The UK’s biggest energy suppliers have been accused of “scaring” customers into paying their debts with letters which appear to be from another company.
This practice of sending correspondence with a different company’s letterhead threatening legal action if customers don’t pay up is something regulator Ofgem has an eye on.
It has reviewed the debt collection tactic and found evidence of some “poor practice which certainly fall below the standard we would expect”.
On Monday Ofgem issued an open letter warning customers “must not be misled, pressured or scared into making payments they cannot afford”.
Over the summer, domestic energy suppliers were asked by Ofgem whether they used “alternative branding” on letters demanding money.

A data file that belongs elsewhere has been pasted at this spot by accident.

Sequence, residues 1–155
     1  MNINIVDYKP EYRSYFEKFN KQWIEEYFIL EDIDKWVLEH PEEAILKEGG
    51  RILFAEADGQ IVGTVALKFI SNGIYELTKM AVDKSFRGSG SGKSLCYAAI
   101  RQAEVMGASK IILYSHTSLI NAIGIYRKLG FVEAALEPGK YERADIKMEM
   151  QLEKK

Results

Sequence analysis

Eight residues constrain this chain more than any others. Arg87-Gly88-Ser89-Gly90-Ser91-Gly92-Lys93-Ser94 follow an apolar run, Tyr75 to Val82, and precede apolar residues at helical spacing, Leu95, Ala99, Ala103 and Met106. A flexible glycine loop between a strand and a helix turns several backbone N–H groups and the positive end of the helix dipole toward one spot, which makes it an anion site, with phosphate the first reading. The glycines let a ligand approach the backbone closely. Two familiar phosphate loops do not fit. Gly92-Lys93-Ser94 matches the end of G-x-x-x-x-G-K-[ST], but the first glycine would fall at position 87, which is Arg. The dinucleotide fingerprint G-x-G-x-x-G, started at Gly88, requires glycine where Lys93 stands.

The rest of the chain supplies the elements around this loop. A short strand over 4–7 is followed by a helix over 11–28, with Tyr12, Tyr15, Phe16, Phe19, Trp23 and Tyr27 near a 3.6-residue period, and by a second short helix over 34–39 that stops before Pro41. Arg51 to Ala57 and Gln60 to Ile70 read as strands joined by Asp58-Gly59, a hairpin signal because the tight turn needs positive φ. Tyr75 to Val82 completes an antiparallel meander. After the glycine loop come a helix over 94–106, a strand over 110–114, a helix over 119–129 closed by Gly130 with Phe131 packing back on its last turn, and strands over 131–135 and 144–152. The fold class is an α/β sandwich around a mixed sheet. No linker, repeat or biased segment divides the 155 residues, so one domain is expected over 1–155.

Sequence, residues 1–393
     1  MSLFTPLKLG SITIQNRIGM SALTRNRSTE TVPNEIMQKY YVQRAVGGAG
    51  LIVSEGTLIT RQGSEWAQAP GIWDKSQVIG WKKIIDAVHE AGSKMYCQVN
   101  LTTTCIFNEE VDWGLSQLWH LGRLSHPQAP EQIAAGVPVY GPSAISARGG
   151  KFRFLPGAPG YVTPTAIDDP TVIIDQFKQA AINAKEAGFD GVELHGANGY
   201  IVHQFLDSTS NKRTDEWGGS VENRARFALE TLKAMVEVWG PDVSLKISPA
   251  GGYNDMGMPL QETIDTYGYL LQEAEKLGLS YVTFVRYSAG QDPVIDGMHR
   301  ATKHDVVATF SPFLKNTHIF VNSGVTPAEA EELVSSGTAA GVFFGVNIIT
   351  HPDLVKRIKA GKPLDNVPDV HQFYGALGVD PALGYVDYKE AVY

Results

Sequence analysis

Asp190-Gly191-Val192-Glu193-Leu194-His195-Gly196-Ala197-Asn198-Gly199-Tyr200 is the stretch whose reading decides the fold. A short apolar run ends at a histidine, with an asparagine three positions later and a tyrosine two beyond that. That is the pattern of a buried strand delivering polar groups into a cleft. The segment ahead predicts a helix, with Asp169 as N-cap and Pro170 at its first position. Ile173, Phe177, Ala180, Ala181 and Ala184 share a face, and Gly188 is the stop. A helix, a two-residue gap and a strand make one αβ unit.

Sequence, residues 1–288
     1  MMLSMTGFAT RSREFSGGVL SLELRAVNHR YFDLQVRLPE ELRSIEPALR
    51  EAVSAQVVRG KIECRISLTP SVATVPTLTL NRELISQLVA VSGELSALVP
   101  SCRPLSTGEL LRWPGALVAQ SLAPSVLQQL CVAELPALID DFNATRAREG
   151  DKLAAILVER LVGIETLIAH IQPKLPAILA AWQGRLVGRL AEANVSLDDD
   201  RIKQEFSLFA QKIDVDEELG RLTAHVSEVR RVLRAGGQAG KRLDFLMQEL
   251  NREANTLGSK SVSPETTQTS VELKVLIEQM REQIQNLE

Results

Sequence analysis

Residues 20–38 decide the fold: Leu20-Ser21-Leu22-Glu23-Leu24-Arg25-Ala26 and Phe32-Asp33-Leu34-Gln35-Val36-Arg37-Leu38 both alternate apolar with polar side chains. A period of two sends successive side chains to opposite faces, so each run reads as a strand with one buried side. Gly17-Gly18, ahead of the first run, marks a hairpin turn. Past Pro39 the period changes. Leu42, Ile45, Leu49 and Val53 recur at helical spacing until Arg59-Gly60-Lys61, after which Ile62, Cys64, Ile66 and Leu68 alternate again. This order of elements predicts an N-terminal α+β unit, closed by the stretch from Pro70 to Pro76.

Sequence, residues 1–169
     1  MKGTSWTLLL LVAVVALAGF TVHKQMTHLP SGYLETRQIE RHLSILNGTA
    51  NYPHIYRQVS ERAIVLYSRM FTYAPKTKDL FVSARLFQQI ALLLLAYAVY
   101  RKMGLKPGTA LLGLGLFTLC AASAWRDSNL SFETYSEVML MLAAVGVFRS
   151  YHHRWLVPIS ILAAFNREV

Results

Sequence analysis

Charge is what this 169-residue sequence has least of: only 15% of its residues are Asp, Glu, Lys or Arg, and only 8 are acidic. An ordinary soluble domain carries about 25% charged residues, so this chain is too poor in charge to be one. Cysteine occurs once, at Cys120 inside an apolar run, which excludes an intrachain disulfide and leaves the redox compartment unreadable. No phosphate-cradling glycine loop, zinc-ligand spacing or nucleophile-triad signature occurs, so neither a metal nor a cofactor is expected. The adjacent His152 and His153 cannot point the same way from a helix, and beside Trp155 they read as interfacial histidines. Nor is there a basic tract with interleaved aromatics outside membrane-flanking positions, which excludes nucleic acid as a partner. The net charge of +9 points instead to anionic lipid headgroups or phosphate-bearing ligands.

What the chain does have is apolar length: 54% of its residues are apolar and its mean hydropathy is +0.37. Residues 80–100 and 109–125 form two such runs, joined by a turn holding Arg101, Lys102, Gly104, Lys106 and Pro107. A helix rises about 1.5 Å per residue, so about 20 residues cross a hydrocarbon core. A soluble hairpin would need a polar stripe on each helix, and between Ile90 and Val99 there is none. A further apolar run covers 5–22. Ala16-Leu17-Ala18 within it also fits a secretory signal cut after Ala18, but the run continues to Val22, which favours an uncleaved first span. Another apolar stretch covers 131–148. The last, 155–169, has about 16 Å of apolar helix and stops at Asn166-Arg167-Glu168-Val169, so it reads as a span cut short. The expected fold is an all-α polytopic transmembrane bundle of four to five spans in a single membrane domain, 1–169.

The six largest had all at some point used other brands, with letters appearing to be from debt collection agencies working on their behalf.
Right up until July 2014, four suppliers – British Gas, E.ON, ScottishPower and npower used the tactic to speak to customers in debt. Of these, only npower continues to use the tactic with its in-house team, Collections Direct and it said there are plans to make this distinction clearer.
EDF Energy stopped the practice in 2009, while SSE only used it during a three week trial in 2010, found Ofgem.
Of the smaller suppliers who engaged in the tactic, Utilita stopped in 2013 and Utility Warehouse continues to use Utility Debt Collectors Ltd to collect debt.
A spokesperson for Ofgem said: “We found that while this practice was once widespread, the vast majority are no longer using alternative branding, with some having changed their practice recently. We also uncovered some examples of poor practice which certainly fall below the standard we would expect.”
The watchdog plans to review domestic suppliers’ communications with indebted customers this autumn, they added, to make sure consumers “struggling to pay are made aware of repayment options available.”